After you’ve tried our tick tubes DIY, you’ll want to place them strategically around your property. Mice are always collecting material for their nests, and you’ll want to focus on placing your DIY tick tubes in lightly wooded areas near the perimeter of your property.
Mice are nocturnal, so you won’t necessarily know where they like to hang out, so focus on areas of your property where you see chipmunks during the day. In other words, you don’t want to use your tick tubes in the middle of your lawn. Go for those shady, corners where wildlife might likely be scurrying.
While Permethrin has a low toxicity and is safe for animals, you’ll still want to be sure to wear proper safety glasses and gloves when working with it. Avoid contact with your eyes or any other sensitive areas, and keep the product out of reach of children. Consult the safety instructions on the bottle thoroughly before use.
The product website says that it’s safe to be near animals, but, I certainly wouldn’t want my dog or cat eating one of these tick tubes, so use discretion when placing them.
Damminix Tick Tubes
Don’t want to try our tick tubes DIY? I get it. You can always take the easy route and pick up some Damminix Tick Tubes on Amazon. They are premade and ready to be placed on your property.
Tick tubes like these are thought to significantly reduce the tick population in a given area, over time. I’m really excited to be taking a proactive step against ticks in my yard!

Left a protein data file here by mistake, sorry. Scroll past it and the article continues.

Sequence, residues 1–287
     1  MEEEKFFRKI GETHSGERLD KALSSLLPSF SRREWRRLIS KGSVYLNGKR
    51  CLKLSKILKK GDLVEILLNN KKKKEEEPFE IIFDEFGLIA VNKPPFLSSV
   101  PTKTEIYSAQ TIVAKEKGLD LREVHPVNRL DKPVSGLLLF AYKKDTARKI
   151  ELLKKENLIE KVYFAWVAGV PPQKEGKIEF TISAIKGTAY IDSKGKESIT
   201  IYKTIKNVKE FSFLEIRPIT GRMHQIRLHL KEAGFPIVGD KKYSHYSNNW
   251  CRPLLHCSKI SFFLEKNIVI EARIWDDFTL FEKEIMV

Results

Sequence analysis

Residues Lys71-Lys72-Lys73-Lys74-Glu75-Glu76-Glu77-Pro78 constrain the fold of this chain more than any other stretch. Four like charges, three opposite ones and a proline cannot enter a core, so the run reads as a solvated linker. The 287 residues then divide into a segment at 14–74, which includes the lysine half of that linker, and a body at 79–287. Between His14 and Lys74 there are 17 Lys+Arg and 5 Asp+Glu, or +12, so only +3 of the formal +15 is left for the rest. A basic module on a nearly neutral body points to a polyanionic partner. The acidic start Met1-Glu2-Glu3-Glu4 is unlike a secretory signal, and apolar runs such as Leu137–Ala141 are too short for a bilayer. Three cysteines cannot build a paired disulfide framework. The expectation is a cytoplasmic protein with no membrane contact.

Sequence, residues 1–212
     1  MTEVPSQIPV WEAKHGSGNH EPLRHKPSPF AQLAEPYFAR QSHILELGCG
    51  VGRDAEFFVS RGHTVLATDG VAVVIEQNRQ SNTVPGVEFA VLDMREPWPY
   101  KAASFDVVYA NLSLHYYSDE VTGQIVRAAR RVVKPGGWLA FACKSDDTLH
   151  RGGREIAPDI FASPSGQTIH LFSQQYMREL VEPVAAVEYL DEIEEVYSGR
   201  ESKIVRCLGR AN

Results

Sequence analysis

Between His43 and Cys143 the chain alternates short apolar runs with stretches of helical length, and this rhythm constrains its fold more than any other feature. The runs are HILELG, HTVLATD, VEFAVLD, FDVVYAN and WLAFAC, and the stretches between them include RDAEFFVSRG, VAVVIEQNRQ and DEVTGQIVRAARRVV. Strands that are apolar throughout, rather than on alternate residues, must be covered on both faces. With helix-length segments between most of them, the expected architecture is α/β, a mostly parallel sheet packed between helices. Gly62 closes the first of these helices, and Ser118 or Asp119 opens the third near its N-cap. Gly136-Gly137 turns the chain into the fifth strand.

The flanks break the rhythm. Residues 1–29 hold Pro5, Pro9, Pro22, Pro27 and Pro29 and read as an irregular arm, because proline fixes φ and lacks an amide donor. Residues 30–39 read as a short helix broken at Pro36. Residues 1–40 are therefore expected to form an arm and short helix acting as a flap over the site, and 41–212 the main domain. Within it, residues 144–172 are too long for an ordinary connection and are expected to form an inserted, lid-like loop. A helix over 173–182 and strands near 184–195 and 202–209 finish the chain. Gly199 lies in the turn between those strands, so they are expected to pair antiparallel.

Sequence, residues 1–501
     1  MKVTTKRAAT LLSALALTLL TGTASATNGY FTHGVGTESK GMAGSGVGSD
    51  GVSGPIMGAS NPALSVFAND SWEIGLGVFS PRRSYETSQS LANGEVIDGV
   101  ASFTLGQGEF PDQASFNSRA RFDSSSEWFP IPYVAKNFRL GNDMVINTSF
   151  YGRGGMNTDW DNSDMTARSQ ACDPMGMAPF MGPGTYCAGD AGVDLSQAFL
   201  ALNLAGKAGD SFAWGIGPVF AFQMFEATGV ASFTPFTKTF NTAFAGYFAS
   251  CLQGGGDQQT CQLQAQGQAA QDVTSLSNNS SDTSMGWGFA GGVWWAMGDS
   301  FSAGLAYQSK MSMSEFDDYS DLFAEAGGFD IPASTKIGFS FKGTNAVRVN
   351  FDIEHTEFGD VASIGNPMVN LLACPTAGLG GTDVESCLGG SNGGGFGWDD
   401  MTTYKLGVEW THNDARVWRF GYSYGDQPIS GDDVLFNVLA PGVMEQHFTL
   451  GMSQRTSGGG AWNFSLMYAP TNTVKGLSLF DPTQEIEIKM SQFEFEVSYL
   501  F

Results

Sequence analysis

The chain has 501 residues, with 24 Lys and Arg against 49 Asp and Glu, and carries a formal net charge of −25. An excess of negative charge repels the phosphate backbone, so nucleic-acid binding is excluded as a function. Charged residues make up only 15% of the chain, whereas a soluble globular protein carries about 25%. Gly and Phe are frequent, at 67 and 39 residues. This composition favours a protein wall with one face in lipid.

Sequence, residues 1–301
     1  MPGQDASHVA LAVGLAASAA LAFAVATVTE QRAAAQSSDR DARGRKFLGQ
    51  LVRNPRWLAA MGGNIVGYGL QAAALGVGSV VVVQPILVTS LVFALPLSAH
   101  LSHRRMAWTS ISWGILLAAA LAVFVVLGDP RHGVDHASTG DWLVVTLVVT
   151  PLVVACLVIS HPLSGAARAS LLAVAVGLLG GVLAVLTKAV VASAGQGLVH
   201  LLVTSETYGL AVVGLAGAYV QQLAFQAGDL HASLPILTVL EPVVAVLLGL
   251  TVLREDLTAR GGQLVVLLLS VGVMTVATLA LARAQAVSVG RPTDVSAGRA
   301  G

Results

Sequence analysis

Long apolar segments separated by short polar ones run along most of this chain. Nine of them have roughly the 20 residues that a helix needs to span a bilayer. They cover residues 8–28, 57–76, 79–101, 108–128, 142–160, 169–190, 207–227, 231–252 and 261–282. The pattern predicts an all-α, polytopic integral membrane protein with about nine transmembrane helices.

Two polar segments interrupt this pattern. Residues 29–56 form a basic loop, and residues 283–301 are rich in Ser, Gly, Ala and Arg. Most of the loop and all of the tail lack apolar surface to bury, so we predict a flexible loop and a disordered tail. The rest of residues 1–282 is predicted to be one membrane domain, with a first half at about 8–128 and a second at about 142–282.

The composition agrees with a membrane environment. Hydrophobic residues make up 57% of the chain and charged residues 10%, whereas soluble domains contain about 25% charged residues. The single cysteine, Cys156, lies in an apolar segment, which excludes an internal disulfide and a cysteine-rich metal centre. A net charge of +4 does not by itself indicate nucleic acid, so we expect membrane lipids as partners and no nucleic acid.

If you try our DIY tick tubes (or DIY tick repellent spray), be sure to leave a comment and let me know how they turned out for you.
DIY Tick Tubes
We’re sharing how to make your own DIY tick tubes to cut down on the dangerous tick population this summer.
- Toilet paper rolls and/or PVC pipe pieces; I used a mix of both.
- A bottle of pre-mixed Permethrin
- Cotton balls or left over dryer lint
- Disposable gloves & protective eyeglasses
- Put on the gloves and glasses, then lay out the cotton or dryer lint and saturate it with the permethrin spray. Allow the fibers to fully dry and then spray a second coat if you feel it is needed, again let it fully dry.
- Add pieces of the dry fibers to the tubes. Just put a few pieces in each tube, as you won’t want to over-stuff them.
- Place the tubes around your property, every 10 to 20 feet or so. Ticks are less likely to be in wide open lawns and are not able to travel/walk far on their own so they require something to move them, such as the mice and chipmunks they attach to. These animals tend to have small burrows and nests in lightly wooded areas, in underbrush and piles of leaves left around. Be sure to focus on those areas along with anywhere you see chipmunks during the day. Keep I mind that mice are nocturnal so its unlikely that you would see mice during the day to know exactly where to put the tubes.
Permethrin is not water soluble so it needs soap to really wash it away, with that it is perfectly fine for the fibers and tubes to get wet. The tubes we put out a few weeks ago that were cardboard have started to unravel a bit, but are still getting the job done-and aren’t a mess everywhere.
If using PVC pipes, you may want to quickly sand down the edges/open ends. After cutting, the ends were pretty rough and had little bits of the PVC still attached. This didn’t seem like it would be overly inviting and I wanted to make sure the mice wanted to come in to grab some of the fibers to bring back to their nests.